US Dollar weakened after mixed S&P PMIs, focus shifts to PCE figures from October

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  • The DXY Index declined to 103.45, a 0.30% loss.
  • The index will tally a 0.30% weekly loss as well.
  • S&P PMIs showed a mixed outlook, with the manufacturing sector weakening and the service sector expanding.

The US Dollar (USD) is receding on Friday with the DXY index,  which measures the value of the US Dollar versus a basket of global currencies, declining toward 103.45 on the back of mixed S&P PMIs and dovish bets on the Fed.

In line with that, the US economy is showing overall signs of cooling inflation and job creation, and soft S&P PMIs flashed signs of a weakening economy. This economic outlook makes traders believe that the Federal Reserve (Fed) will adopt a less aggressive stance, which is weakening the US Dollar.

Daily Digest Market Movers: US Dollar faces further downside as the US manufacturing sector weakens

  • The US Dollar Index traded weaker and declined toward 103.45 on Friday.
  • In November, the S&P Global Composite PMI remained stable at 50.7, signalling slight growth in the US private sector.
  • Manufacturing PMI fell to 49.4, indicating a shift into contraction, and the Services PMI increased marginally to 50.8.
  • What worried investors seemed to be the report of the first employment decline in US service and manufacturing sectors since mid-2020, driven by lower demand and higher costs.
  • The market response included expectations of a more cautious Federal Reserve, resulting in a weaker US dollar.
  • Markets are confident that the Federal Reserve won’t hike in December and are betting on four rate cuts in 2024, beginning in May.
  • Core Personal Consumption Expenditures next week from October will play a big role in the short-term Fed's expectations.

Technical Analysis: US Dollar hints at a potential reversal as the RSI approaches 30

Although the daily Relative Strength Index (RSI) is nearing oversold conditions, suggesting a somewhat oversaturated bearish market, it also indicates the potential to reverse the upside as selling pressure appears to wane. This notion is reinforced by the Moving Average Convergence Divergence (MACD), which displays flat red bars, signalling an easing of bullish sentiment without a clear direction.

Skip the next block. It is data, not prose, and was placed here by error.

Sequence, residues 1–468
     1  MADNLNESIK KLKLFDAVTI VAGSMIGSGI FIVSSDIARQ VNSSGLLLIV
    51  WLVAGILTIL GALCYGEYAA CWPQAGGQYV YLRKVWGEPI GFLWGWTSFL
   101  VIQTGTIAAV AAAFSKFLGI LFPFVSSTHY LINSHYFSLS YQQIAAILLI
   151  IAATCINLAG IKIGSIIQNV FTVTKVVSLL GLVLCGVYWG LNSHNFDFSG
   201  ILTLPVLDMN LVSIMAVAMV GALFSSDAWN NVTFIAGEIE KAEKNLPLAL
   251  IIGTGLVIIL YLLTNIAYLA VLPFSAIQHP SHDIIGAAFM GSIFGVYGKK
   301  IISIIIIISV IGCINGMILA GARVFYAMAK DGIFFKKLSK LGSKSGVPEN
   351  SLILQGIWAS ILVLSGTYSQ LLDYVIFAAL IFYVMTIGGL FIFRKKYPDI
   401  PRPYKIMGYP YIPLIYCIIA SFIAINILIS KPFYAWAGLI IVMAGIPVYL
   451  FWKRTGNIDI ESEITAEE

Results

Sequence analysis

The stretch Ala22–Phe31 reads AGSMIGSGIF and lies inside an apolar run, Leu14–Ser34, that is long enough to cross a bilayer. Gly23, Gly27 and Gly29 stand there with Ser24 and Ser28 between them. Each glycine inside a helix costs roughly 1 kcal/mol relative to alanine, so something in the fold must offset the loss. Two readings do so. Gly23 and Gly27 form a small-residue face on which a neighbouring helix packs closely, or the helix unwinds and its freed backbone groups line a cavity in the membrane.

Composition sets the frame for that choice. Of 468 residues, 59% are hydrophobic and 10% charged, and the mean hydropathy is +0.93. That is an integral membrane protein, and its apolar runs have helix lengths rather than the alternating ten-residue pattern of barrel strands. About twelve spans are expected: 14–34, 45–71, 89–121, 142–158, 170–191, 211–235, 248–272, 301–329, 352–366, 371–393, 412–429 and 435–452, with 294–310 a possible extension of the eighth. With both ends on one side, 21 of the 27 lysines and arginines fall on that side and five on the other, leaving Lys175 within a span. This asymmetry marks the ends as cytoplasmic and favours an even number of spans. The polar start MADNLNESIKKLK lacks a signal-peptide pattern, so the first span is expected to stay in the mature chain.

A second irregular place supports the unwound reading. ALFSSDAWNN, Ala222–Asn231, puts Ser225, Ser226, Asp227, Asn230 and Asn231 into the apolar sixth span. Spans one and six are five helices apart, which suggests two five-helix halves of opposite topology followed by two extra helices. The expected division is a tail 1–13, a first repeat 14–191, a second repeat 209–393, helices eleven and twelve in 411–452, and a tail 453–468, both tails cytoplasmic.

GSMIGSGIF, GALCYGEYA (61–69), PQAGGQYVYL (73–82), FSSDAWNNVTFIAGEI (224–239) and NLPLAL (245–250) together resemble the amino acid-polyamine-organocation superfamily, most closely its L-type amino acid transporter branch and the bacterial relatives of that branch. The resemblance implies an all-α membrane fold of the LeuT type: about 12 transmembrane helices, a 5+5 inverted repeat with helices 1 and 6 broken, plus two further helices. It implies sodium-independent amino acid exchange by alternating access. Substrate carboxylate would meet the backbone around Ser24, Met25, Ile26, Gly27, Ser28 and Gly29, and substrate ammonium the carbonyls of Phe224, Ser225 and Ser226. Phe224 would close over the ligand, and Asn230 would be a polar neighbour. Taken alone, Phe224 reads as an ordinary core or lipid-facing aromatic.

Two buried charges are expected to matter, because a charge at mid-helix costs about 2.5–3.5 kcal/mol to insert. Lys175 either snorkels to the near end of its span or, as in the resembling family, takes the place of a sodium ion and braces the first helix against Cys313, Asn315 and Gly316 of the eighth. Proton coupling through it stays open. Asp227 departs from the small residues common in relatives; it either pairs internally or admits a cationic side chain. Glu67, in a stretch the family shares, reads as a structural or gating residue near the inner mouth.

In addition, the DXY’s position below the 20, 100, and 200-day Simple Moving Averages (SMAs) also suggests that the sellers have the upper hand.

Support levels: 103.40, 103.30, 103.15.
Resistance levels: 103.60 (200-day SMA), 104.00, 104.20 (100-day SMA).

 

 

Fed FAQs

Monetary policy in the US is shaped by the Federal Reserve (Fed). The Fed has two mandates: to achieve price stability and foster full employment. Its primary tool to achieve these goals is by adjusting interest rates.
When prices are rising too quickly and inflation is above the Fed’s 2% target, it raises interest rates, increasing borrowing costs throughout the economy. This results in a stronger US Dollar (USD) as it makes the US a more attractive place for international investors to park their money.
When inflation falls below 2% or the Unemployment Rate is too high, the Fed may lower interest rates to encourage borrowing, which weighs on the Greenback.

The Federal Reserve (Fed) holds eight policy meetings a year, where the Federal Open Market Committee (FOMC) assesses economic conditions and makes monetary policy decisions.
The FOMC is attended by twelve Fed officials – the seven members of the Board of Governors, the president of the Federal Reserve Bank of New York, and four of the remaining eleven regional Reserve Bank presidents, who serve one-year terms on a rotating basis.

In extreme situations, the Federal Reserve may resort to a policy named Quantitative Easing (QE). QE is the process by which the Fed substantially increases the flow of credit in a stuck financial system.
It is a non-standard policy measure used during crises or when inflation is extremely low. It was the Fed’s weapon of choice during the Great Financial Crisis in 2008. It involves the Fed printing more Dollars and using them to buy high grade bonds from financial institutions. QE usually weakens the US Dollar.

Quantitative tightening (QT) is the reverse process of QE, whereby the Federal Reserve stops buying bonds from financial institutions and does not reinvest the principal from the bonds it holds maturing, to purchase new bonds. It is usually positive for the value of the US Dollar.



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